Oregon Department of Education announced changes to metrics and guidance for returning to in-person instruction
On Tuesday, Jan. 19, the Oregon Department of Education (ODE) announced some changes that impact HRCSD’s ability to return students to in-person instruction. Below are questions that share information about these changes.
What did ODE change?
The state changed the advisory health metrics for returning students to in-person instruction. Under the previous health metrics, positive COVID-19 cases in Hood River County had to drop below 45 cases total (during the previous two-week period) to begin in-person instruction. Now, ODE will use new advisory metrics, based on Harvard Global Health Institute guidelines:
If more than 90 cases (during the previous two-week period): No in-person instruction
If between 60-90 cases (during the previous two-week period): Focus on elementary in-person instruction
If between 30-60 cases (during the previous two-week period): Expand in-person instruction beyond elementary
If less than 30 cases (during the previous two-week period): All in-person instruction
According to data shared this week, the current case count in Hood River County is 108.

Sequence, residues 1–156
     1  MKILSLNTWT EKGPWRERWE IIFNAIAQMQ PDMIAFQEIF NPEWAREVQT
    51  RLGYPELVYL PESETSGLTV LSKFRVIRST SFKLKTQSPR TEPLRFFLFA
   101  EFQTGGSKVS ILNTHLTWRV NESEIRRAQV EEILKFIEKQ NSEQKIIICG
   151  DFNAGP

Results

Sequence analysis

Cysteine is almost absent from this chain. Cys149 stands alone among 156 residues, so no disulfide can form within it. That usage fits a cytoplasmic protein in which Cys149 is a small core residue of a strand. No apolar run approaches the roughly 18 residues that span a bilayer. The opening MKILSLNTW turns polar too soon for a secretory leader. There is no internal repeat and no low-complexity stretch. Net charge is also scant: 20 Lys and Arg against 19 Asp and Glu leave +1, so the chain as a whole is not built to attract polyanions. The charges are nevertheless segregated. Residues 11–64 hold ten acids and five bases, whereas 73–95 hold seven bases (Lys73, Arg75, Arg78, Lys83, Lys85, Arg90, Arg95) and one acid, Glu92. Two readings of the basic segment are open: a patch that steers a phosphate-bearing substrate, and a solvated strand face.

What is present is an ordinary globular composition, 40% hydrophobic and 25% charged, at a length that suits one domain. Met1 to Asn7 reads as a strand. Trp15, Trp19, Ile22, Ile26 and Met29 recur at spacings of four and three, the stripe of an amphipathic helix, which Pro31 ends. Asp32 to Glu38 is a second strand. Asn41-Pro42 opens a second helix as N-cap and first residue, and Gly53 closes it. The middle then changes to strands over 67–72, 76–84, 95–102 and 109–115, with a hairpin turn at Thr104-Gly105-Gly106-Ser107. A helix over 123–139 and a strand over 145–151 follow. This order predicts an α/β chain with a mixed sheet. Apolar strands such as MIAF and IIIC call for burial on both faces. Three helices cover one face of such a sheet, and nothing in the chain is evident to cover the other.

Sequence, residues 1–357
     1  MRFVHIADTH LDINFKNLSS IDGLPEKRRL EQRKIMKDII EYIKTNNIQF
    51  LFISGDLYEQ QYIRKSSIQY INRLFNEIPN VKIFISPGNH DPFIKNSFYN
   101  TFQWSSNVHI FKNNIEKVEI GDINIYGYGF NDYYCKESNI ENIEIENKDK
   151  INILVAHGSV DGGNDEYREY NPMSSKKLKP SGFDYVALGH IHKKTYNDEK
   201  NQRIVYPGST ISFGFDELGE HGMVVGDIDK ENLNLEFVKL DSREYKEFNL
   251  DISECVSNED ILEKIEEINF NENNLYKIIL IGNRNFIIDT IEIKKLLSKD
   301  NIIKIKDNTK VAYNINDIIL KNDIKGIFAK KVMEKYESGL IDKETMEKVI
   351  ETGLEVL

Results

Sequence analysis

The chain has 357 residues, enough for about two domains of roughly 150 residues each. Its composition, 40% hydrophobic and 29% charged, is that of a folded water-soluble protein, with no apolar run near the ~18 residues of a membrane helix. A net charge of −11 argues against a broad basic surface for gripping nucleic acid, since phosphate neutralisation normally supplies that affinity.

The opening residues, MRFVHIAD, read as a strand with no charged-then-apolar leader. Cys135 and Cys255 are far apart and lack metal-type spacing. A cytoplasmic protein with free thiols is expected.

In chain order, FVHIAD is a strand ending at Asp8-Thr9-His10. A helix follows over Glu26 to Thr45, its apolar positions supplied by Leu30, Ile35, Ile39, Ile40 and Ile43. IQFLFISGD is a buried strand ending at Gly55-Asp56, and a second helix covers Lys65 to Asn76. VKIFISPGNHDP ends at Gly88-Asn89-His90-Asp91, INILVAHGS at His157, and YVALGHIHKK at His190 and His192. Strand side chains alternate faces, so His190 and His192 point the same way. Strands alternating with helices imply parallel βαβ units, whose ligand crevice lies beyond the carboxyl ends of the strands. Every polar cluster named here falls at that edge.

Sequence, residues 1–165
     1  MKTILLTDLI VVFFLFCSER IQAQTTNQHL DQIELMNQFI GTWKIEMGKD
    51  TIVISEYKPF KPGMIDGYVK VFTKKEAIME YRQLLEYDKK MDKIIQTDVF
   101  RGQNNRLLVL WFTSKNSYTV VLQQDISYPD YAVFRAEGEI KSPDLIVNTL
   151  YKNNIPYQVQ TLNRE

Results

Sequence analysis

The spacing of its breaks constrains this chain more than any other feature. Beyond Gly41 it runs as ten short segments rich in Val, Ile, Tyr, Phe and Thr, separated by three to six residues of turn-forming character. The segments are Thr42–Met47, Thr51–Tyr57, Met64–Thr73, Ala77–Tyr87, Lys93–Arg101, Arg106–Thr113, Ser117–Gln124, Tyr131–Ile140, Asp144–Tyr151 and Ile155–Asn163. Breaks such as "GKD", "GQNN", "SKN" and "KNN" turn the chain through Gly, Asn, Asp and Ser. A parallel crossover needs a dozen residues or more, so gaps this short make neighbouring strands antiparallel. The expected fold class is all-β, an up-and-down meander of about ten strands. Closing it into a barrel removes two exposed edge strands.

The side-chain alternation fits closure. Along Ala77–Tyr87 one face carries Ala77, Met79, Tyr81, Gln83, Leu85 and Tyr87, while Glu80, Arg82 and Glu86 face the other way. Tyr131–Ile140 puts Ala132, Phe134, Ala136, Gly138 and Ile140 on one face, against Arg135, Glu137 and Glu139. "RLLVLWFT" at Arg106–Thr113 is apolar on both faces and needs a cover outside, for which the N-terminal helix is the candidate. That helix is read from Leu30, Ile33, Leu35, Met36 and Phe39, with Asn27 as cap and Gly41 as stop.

What did ODE not change?
ODE did not change the mandatory physical distancing requirement as described in the Ready School, Safe Learners guidance. Each student still must have a “space bubble” of 35 square feet. This requirement is a barrier to resuming in-person instruction for all elementary students and secondary students given space limitations within school buildings.
ODE did not change the mandatory cohort requirement. A student may not have contact with more than 100 people per week. This requirement is a significant barrier to resuming in-person instruction for secondary students within HRCSD.
What else does HRCSD know?
Governor Brown announced that educators will begin to receive the vaccine, starting on January 25. HRCSD is collaborating with the Hood River County Health Department and local health providers on offering those vaccines to HRCSD employees as efficiently as possible.
Another important issue is surrounding liability. If a school district elects to begin in-person instruction without meeting the advisory health metrics, the school district may no longer have the liability protection that was recently extended by the Oregon Legislature. If and when anyone were to become sick (or worse) from COVID-19, a school district could face expensive lawsuits. Most school districts, including HRCSD, cannot afford to take on that level of risk. Any legal settlements would directly impact future funding for students.
Upcoming information regarding plans to reopen schools
HRCSD administration just learned of these changes (and many others) this week. The school district administration is continuing to thoughtfully consider the latest guidance from ODE. More information will be provided next week regarding COVID-19 in Hood River County and plans for reopening schools.